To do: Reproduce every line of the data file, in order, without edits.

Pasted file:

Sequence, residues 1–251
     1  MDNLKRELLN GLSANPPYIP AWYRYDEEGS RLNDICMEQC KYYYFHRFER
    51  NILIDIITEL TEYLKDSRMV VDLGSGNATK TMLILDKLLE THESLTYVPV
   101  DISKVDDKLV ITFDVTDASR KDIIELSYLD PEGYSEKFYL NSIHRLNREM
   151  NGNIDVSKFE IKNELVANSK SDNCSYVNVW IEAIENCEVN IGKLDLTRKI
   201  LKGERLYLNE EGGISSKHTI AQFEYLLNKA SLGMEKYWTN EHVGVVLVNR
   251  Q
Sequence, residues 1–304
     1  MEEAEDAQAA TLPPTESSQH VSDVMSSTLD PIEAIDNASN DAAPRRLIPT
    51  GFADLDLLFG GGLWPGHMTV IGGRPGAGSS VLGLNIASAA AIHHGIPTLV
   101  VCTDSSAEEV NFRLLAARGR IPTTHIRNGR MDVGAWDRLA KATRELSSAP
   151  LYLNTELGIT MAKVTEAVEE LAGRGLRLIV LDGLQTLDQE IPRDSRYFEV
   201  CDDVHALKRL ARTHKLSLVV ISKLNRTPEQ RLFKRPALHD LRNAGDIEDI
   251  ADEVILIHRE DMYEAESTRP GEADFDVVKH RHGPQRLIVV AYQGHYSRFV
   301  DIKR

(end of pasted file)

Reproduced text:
Sequence, residues 1–251
     1  MDNLKRELLN GLSANPPYIP AWYRYDEEGS RLNDICMEQC KYYYFHRFER
    51  NILIDIITEL TEYLKDSRMV VDLGSGNATK TMLILDKLLE THESLTYVPV
   101  DISKVDDKLV ITFDVTDASR KDIIELSYLD PEGYSEKFYL NSIHRLNREM
   151  NGNIDVSKFE IKNELVANSK SDNCSYVNVW IEAIENCEVN IGKLDLTRKI
   201  LKGERLYLNE EGGISSKHTI AQFEYLLNKA SLGMEKYWTN EHVGVVLVNR
   251  Q
Sequence, residues 1–304
     1  MEEAEDAQAA TLPPTESSQH VSDVMSSTLD PIEAIDNASN DAAPRRLIPT
    51  GFADLDLLFG GGLWPGHMTV IGGRPGAGSS VLGLNIASAA AIHHGIPTLV
   101  VCTDSSAEEV NFRLLAARGR IPTTHIRNGR MDVGAWDRLA KATRELSSAP
   151  LYLNTELGIT MAKVTEAVEE LAGRGLRLIV LDGLQTLDQE IPRDSRYFEV
   201  CDDVHALKRL ARTHKLSLVV ISKLNRTPEQ RLFKRPALHD LRNAGDIEDI
   251  ADEVILIHRE DMYEAESTRP GEADFDVVKH RHGPQRLIVV AYQGHYSRFV
   301  DIKR